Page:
Square Kilometre Array radio telescope project bidders prepare for huge IT requirements

South Africa has presented its bid for the Square Kilometre Array, which will be the world's biggest radio telescope.

South Africa has presented its bid for the Square Kilometre Array, which will be the world's biggest radio telescope - and the driver for what will become one of the world's largest IT systems.

The Africa bid for the Square Kilometre Array (SKA) comprises nine partner countries, with South Africa taking the lead in co-ordinating and developing the project. Kenya, Mozambique, Botswana, Namibia, Mauritius, Madagascar, Ghana and Zambia could all potentially offer additional sites for outstations as part of the SKA (pictured).

According to project director Bernie Fanaroff, the project will require a huge amount of IT infrastructure, some of which already exists. For instance, a 6Tbps fibre network connects Africa to Europe.

In processing power, the radio telescope will need exabyte computing performance and will need to process huge data sets. Engineers from South Africa SKA project have developed a computer system for the radio telescope, based on a scalable architecture. Called Roach (reconfigurable open architecture computing hardware), the system uses field programmable gate array (FPGA) chips in hot-swap boards that act like a PC for radio astronomy. The design can be upgraded as newer, faster FPGA chips are released. The computer systems, which will be housed in specially designed radio-tight containers, will be managed remotely from Cape Town via an internet connection.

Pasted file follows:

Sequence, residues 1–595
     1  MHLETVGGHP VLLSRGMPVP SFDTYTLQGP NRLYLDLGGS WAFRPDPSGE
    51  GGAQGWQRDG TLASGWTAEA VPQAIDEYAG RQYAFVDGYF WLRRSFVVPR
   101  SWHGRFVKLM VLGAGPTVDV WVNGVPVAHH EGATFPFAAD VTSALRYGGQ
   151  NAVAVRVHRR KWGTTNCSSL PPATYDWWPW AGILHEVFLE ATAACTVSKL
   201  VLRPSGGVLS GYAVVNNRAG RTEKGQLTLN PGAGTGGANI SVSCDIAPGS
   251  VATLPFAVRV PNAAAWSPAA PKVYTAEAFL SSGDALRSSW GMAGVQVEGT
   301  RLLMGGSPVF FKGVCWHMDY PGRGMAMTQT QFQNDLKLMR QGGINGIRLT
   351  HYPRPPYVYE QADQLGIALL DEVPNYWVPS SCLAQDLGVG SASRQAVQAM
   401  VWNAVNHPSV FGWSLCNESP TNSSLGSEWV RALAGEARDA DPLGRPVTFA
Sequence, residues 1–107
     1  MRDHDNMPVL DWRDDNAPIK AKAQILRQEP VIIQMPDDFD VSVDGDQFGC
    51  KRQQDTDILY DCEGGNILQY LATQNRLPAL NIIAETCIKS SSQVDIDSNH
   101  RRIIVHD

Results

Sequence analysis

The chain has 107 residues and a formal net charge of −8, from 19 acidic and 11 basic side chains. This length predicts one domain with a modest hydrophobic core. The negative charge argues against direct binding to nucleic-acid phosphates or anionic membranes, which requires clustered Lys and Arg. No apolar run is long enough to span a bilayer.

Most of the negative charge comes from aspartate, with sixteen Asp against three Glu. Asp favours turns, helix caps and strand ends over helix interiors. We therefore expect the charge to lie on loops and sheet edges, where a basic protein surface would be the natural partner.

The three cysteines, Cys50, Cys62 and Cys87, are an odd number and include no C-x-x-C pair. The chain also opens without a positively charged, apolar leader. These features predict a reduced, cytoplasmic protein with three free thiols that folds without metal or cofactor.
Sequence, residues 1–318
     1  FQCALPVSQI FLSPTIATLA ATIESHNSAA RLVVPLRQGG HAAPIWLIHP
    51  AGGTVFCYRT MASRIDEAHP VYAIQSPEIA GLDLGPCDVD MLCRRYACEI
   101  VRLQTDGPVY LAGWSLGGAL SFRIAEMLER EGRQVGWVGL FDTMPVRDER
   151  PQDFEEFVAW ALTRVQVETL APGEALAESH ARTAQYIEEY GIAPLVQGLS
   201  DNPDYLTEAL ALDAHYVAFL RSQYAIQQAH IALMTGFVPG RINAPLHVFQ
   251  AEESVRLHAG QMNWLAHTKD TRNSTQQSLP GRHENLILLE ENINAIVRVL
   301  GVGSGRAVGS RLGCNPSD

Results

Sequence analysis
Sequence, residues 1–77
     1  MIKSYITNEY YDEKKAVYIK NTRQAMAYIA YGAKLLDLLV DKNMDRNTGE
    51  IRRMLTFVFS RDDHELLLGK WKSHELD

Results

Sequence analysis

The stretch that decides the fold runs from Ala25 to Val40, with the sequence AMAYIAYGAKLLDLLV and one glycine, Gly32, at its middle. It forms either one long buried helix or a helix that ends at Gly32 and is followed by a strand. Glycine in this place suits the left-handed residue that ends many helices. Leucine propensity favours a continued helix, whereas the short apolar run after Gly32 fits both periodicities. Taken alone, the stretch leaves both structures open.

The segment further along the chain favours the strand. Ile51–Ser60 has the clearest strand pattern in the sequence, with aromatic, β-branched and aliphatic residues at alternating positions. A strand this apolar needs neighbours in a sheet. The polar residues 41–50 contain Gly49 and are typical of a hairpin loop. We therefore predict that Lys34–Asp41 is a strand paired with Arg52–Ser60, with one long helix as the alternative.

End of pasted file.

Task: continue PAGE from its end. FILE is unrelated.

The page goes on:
The amount of data SKA will collect then transfers to a supercomputer at data rates exceeding those of the internet - meaning new communications infrastructure will need to be developed.

Due to the nature of radio astronomy, the site needs to be located in an area with the least amount of radio interference. Dishes will be built from fibre-glass moulds, to speed up construction of SKA.

Bernie Fanaroff says the SKA project will be iconic for Africa and will help develop young people in new and emerging industries for the next 10 to 20 years. "SKA is very important for Africa's future," he said.

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